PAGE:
Libyan Oil Exports Blocked, Washington Calls For Their Immediate Resumption

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Libyan Oil Exports Blocked, Washington Calls For Their Immediate Resumption

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On January 21st, the US called for an immediate resumption of oil operations in Libya, as oil exports from the country have been blocked since January 17th.

The US embassy issued a statement calling for the immediate unblocking of the oil ports, in order to not cause any more suffering for the Libyan people.

Prior to the statement, the Libyan National Oil Corporation (NOC) issued a statement outlining what was happening.

According to it, the oil ports of Zouitina, Harika, Brega, Sidra and Ras Lanuf were blocked and an order was given to suspend exports from those ports.

The port in Benghazi is still open, and a tanker is being unloaded, with another tanker from Zawiya refinery had arrived on January 20th.

As of January 19th, the Hamada pumping station, as well as production from the entire Hamada oil field was also stopped.

Production from the Sharara and Elephant oil fields was blocked. This, in turn, would cause shortages when the stocks run low and there will be a loss of power.

“The crude oil production rates have been reduced as much as possible to avoid a complete cessation of production. It should be noted that the closing of operations of the fields will cause losses in the production of crude oil of 1.2 million barrels per day, and financial losses estimated at about $77 million per day.”

The blockage was blamed on “pro-Haftar” parties, powerful tribal groups loyal to Haftar, whose forces control eastern Libya and much of the south, seized several large export terminals. They were captured along the eastern coast as well as southern oil fields in a challenge to the UN-assigned Government of National Accord (GNA), which collects revenues from oil production.

The NOC condemned the unrest, describing oil as the “lifeblood of the Libyan economy” and the country’s only source of revenue.

“Oil facilities belong to the Libyan people and should not be used as a card for political bargaining,” the chairman of the corporation, Mustafa Sanalla, said.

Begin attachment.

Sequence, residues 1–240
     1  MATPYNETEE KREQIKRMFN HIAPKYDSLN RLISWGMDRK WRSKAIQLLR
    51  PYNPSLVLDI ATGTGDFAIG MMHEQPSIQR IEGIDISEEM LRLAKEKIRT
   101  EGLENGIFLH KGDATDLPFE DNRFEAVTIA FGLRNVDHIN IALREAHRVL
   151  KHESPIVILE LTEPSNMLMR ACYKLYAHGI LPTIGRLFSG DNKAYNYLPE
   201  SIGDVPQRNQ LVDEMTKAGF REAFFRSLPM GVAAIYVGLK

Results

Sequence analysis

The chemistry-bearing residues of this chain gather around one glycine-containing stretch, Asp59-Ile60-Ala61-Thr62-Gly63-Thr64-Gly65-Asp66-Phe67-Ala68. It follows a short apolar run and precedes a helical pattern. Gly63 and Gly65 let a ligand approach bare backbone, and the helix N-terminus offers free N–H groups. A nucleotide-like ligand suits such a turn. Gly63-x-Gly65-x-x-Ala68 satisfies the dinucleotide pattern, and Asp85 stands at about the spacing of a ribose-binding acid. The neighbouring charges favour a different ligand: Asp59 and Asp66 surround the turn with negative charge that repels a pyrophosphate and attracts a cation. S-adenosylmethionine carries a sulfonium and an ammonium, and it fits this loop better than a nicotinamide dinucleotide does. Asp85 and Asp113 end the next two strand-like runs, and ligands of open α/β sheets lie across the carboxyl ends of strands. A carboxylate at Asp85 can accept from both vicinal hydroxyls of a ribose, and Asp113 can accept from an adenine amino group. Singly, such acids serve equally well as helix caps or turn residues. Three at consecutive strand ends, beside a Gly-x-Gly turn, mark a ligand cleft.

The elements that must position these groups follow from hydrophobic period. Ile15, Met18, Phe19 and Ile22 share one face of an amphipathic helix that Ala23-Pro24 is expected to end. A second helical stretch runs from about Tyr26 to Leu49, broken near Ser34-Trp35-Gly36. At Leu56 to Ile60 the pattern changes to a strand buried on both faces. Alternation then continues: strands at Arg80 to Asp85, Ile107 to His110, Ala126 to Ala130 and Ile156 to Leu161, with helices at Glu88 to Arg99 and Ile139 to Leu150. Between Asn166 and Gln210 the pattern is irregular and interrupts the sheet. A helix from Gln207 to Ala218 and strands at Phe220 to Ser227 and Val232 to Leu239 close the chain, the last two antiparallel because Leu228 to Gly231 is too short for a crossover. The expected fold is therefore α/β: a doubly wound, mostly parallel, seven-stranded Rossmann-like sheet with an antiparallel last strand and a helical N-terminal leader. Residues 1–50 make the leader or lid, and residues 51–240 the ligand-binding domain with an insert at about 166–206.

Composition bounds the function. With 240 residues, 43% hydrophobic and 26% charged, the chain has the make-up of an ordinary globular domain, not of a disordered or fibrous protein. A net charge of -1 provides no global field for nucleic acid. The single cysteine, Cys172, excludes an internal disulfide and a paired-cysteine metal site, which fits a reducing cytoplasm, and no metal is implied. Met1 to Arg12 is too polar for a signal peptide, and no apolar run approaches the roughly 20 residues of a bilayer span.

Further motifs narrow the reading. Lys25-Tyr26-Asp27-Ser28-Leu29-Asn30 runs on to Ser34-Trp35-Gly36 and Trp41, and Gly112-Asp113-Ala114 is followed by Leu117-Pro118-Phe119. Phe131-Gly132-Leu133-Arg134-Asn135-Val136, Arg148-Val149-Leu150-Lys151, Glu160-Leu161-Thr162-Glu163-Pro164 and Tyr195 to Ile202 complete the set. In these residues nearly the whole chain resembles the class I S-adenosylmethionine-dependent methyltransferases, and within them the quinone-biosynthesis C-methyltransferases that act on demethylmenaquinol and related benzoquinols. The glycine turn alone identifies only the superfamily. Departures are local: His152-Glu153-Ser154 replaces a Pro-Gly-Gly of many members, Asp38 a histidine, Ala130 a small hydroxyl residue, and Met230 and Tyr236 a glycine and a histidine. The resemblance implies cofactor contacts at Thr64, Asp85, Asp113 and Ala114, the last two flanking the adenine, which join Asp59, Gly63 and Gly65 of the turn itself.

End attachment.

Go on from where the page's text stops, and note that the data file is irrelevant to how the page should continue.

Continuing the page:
In a press briefing on January 18th, spokesperson of the Libyan National Army Brigadier General Ahmad al-Mesmari said that the LNA hadn’t blocked the oil ports and fields, but rather it was the people, who were fed up with the GNA and its hired militants.

“The Libyan people are the ones who shut down oil ports and fields and are preventing oil exports,” said spokesman Ahmed al-Mesmari, adding that it sent a “message of rejection” to militia groups defending Tripoli.

It is, however, likely that the LNA assisted in coordinating the block, in order to pressure the foreign powers benefitting from the oil revenues from Libya. Field Marshal Khalifa Haftar’s forces wish to consolidate power for the democratically-elected House of Representatives and purge militants from the country. While many of those same militants are employed by the GNA in an attempt to enforce its rule.

Potentially in connection with the blocking of the oil facilities, the CIA-linked Phoenix Air Group GIII N197PA flew from Ramstein Air Base in Germany to Libya.

The UN Security Council, as well as NATO are calling a ceasefire to be established, coordinated between the LNA and GNA.

On the ground, LNA air raids during the night struck GNA positions on January 20th.

Prior to that the GNA targeted LNA groups near the Takbali camp.

There is active shelling and air raids taking place from both sides, with the LNA reportedly having the upper hand, but still making little progress in capturing Tripoli.

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